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John R. Henry
May 23, 2023
2 Min Read
On a flow wrapper, film is formed around a shoe as product is presented and then the film is sealed along the long, center seam and on the top and bottom.Frain Industries
Horizontal form-fill-seal machines are often called flow wrappers because of the way the product flows through the machine. They can package single products such as a candy bars, multiple products like stacks of hamburgers, or trays of products like cookies.
Flow wrappers have four main sections: infeed conveyor, forming shoe, longitudinal seal, and end sealer/cutoff.
The typical infeed conveyor is a stainless-steel bed, slotted in the center. Pusher lugs on an endless chain slide the product along the bed to the forming and wrapping section.
High-speed wrappers often use a series of belt conveyors. Product is placed at random on the first infeed conveyor. Successive conveyors space and time the individual products to synchronize with the forming and cutting section.
In either design, product may be fed manually or automatically. Infeed conveyors may be as long as needed for multiple operators or feeding machines.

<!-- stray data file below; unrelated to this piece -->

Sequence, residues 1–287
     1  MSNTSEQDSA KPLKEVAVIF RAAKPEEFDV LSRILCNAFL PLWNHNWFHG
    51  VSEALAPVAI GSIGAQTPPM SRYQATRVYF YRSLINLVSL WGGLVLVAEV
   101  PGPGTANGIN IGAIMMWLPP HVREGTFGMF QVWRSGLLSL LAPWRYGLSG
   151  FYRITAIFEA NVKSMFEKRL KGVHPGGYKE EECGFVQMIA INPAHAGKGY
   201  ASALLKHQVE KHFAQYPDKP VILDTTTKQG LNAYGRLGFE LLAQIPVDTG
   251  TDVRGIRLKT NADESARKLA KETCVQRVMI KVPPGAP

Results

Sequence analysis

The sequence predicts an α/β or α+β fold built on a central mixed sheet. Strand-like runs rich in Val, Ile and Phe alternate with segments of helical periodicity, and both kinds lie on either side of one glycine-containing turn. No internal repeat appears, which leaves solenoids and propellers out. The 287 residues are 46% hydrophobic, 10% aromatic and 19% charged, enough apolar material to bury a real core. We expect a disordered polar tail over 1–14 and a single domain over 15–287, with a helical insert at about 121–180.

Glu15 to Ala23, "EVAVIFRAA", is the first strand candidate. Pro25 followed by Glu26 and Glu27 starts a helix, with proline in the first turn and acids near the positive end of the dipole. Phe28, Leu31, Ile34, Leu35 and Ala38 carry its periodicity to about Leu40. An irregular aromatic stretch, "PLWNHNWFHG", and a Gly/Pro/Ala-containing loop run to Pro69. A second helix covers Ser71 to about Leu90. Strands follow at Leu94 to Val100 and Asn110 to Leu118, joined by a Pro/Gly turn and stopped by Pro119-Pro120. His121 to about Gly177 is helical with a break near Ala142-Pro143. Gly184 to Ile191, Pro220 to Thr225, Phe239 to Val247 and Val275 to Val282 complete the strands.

Flat film is fed through tension control rollers to the forming shoe (see image at top of page). At the shoe, the film is formed into a tube around the product. Commonly, the longitudinal seal is under the product but some machine reverse this, placing the seal above.
This video from PAC Machinery shows a flow wrapper packaging an electrical component.
Whether above or below, a pair of heated pressure rollers seal the inner edges of the film together.
In the final section, a rotating sealing jaw seals trailing and leading edges of the package. A knife is usually incorporated between the blades to cut the packages apart.
Finished packages exit to the next packaging step.
It’s easy when you know.
Find out more about how flow wrappers and other flexible packaging machines work. It’s all in Chapter 4 of John Henry’s Packaging Machinery Handbook. Other chapters cover inspection, case packaging, coding, and all commonly used packaging machinery. The complete table of contents and chapter samples can be found at http://www.packmachbook.com/handbooksample.pdf.
Purchase the Handbook on Amazon at https://amzn.to/3kr4qj7.
About the Author(s)
Known as the Changeover Wizard, John R. Henry is the owner of Changeover.com, a consulting firm that helps companies find and fix the causes of inefficiencies in their packaging operations. He has written the book, literally, on packaging machinery (www.packmachbook.com) and is the face and personality behind packaging detective KC Boxbottom, the main character in popular articles on the Packaging Digest website. He can be contacted at [email protected].
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